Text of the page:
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RATE Function (Table of Contents)

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Introduction to the RATE Function in ExcelLet’s assume an example. Ram wants to take a loan/borrow some money or invest some money from a financial company XYZ. The company needs to do some financial calculations, like the customer having to pay something to the financial company against the loan amount or how much the customer needs to invest so that after some time, they can get this small amount of money.

In these scenarios, Excel has the most important function, “RATE”, which is part of a financial function.

What is the RATE Function?A function that is used to calculate the interest rate for paying the specified amount of a loan or to get the specified amount of an investment after some period of time is called the RATE function.

RATE Formula in ExcelBelow is the RATE Formula:

The RATE function uses the below arguments

Nper: The total no. of periods for the loan or an investment.

Pmt: The payment made each period, and this is a fixed amount during the loan or investment.

Pv: The current (Present) value of a loan/an investment.

[Fv]: That’s the optional argument. This specifies the future value of the loan /investment at the end of the total no. of payments (nper) payments.

[type]: This is also an optional argument. It takes logical values 0 or 1.

1 = If payment is made at the beginning of the period.

0 = If payment is made at the end of the period.

If don’t provide any value, then it automatically considers it as 0.

[guess]: An initial guess for what the rate will be. If don’t provide any value, then it automatically considers this as 0.1 (10% ).

Explanation of RATE FunctionThe RATE Function is used in different-different scenarios:

PMT (Payment)

PV (Present Value)

FV (Future Value)

NPER (No. of periods)

IPMT (Interest payment)

How to use the RATE Function in Excel?The RATE Function is very simple to use. Let us now see how to use the RATE function in Excel with the help of some examples.

You can download this RATE function Template here – RATE function Template

Example #1You want to buy a car. For this, you apply for a loan of $5,000 from the bank. The bank provides this loan for 5 years and fixed the monthly payment amount of $150.60. Now you need to know the annual interest rate.

Here, we have the following information available:

=RATE (B4, B3,-B2)

Here the result of the function is multiplied by 12, which gives the annual percentage rate. B2 is a negative value because this is an outgoing payment.

=RATE (B4,B3,-B2)*12

The annual percentage rate will be:

PMT (Payment)

This function is used to calculate the payment made every month for a loan or an investment on the basis of a fixed payment and a constant rate of interest.

PMT Formula:

Example #2You want to buy a house that costs $350,000. To buy this, you want to apply for a bank loan. The bank offers you the loan at an 18% annual interest rate for 10 years. Now you need to calculate the monthly installment or payment of this loan.

Here, we have the following information available:

The interest rate is given annually, hence divided by 12 to convert to a monthly interest rate.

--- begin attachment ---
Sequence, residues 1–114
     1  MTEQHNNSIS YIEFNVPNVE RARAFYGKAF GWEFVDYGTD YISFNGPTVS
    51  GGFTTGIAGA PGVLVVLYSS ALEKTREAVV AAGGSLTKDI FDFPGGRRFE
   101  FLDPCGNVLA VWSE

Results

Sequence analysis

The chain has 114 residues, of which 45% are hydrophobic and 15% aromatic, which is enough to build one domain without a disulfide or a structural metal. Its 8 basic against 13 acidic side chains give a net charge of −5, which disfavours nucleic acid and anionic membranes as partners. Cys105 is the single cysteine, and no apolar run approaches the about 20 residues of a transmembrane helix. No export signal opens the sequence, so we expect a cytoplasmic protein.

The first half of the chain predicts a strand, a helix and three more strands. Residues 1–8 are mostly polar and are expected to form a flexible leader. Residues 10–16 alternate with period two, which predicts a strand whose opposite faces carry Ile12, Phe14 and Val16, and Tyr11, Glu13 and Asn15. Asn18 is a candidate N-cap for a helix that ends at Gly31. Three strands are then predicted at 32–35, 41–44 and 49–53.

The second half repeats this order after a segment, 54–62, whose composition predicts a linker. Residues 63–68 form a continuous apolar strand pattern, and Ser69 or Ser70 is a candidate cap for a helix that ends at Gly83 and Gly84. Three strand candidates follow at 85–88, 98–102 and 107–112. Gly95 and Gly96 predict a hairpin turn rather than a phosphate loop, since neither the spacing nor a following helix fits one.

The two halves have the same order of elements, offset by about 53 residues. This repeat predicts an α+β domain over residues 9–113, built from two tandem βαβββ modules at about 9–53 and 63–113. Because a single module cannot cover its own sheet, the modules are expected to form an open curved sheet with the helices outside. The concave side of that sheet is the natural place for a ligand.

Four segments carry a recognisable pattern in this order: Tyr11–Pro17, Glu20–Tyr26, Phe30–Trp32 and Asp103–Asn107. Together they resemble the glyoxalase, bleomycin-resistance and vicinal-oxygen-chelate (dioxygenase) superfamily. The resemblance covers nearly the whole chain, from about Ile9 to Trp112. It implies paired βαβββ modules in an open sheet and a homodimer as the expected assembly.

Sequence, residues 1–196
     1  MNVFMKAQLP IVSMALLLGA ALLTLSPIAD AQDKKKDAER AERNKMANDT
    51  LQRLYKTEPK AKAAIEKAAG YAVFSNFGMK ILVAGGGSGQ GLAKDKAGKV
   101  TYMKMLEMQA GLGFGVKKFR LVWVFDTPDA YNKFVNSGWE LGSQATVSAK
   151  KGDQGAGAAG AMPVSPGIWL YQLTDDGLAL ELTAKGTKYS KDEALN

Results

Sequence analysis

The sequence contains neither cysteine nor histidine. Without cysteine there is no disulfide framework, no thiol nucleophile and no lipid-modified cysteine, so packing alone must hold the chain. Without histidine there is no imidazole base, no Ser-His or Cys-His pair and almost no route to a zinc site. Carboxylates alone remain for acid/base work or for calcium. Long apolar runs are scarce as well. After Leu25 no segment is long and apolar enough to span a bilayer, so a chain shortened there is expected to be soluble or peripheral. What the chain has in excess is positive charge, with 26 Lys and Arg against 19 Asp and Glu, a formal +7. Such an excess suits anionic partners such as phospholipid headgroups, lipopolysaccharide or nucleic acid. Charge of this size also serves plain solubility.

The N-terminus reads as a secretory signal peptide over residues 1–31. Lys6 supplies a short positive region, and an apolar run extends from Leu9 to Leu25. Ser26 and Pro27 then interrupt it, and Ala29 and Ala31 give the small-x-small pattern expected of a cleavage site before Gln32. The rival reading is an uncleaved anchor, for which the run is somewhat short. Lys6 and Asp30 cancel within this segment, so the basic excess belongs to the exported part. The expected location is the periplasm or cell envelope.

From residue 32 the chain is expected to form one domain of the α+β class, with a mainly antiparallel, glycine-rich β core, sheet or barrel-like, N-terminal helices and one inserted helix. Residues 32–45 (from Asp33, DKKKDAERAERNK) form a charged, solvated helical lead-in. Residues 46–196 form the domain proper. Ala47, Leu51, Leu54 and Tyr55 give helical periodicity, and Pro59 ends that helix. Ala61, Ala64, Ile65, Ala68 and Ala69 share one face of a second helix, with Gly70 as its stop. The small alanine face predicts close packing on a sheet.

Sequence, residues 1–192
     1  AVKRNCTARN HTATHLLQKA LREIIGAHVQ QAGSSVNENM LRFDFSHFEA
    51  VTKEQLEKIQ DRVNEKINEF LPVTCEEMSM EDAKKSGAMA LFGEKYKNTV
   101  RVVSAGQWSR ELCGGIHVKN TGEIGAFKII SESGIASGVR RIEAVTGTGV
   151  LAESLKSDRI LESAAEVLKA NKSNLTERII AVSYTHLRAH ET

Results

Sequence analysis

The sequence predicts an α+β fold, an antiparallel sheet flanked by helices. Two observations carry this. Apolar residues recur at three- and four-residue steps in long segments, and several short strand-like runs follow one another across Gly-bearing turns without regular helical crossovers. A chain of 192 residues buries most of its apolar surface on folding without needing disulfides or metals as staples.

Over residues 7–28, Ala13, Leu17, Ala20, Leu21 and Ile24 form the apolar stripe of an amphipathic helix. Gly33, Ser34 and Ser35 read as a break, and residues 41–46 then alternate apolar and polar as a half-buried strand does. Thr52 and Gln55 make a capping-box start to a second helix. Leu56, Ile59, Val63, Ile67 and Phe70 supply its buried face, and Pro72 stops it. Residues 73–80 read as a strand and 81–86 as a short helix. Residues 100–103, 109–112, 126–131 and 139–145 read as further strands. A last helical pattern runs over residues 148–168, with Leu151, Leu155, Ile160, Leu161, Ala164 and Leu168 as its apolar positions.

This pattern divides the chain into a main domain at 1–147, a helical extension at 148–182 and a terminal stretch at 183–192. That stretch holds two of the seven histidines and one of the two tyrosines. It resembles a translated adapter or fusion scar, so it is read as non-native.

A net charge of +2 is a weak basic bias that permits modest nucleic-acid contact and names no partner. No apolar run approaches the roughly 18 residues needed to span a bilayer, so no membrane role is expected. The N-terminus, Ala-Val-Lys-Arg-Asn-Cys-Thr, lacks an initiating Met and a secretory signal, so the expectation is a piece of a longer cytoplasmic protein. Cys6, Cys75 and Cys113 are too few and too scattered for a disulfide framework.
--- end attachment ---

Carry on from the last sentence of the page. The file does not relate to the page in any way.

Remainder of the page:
=PMT (B14/12,B13,-B12)

The result will be:

PV (Present Value)

This function calculates the present value of an investment or a loan taken at a fixed interest rate. Or in other words, it calculates the current value with constant payments, a future value, or the investment goal.

PV Formula:

Example #3You have made an investment that pays you $200,000 after 18 years at an annual interest of 9%. Now you need to find out how much to be invested today to get a future value of $200,000.

Here, we have the following information available:

=PV (B23,B22,0,B21)

Result is:

The result is in negative numbers as it’s the cash inflow or incoming payments.

Let’s take one more example of the PV function.

Example #4You have taken a loan for 5 years that has a fixed monthly payment of $150.60. The annual interest rate is 5%. Now you need to calculate the original loan amount.

Here, we have the following information available:

=PV (5/12,5*12,-B17,0)

Result is:

This monthly payment was rounded to the nearest penny.

FV (Future Value)

This function is used to determine the future value of an investment.

FV Formula:

Example #5You invest a certain amount of money, $35,000, at 6% annual interest for 20 years. Now, how much will we get after 20 years with this investment?

Here, we have the following information available:

=FV (B3,B4,0,-B2)

Result is :

NPER Formula:

Example #6You take a loan of $5,000 with a monthly payment of $ 115.43. The loan has a 5% annual interest rate. We need to use the NPER function to calculate the no. of periods.

Here, we have the following information available:

=NPER (B3/12,B4,-B2,0)

This function returns 47.869 i.e. 48 months.

IPMT (Interest payment)

This function returns the interest payment of a loan payment or an investment for a specific time period.

IPMT Formula

Example #7You have taken a loan of $30,000 for one year at an annual interest rate of 5%. Now to calculate the interest rate for the first month, we will use the IPMT function.

Here, we have the following information available:

=IPMT(B3/12,1,B4,-B2)

Result is:

Things to RememberTwo factors are commonly used by the finance industry – Cash outflow & Cash inflow.

Cash outflow: Negative numbers denote the outgoing payments.

Cash inflow: Positive numbers denote the incoming payments.

Recommended ArticlesThis has been a guide to the Excel RATE function. Here we discuss the RATE Formula and how to use the RATE function along with practical examples and a downloadable Excel template. You can also go through our other suggested articles –

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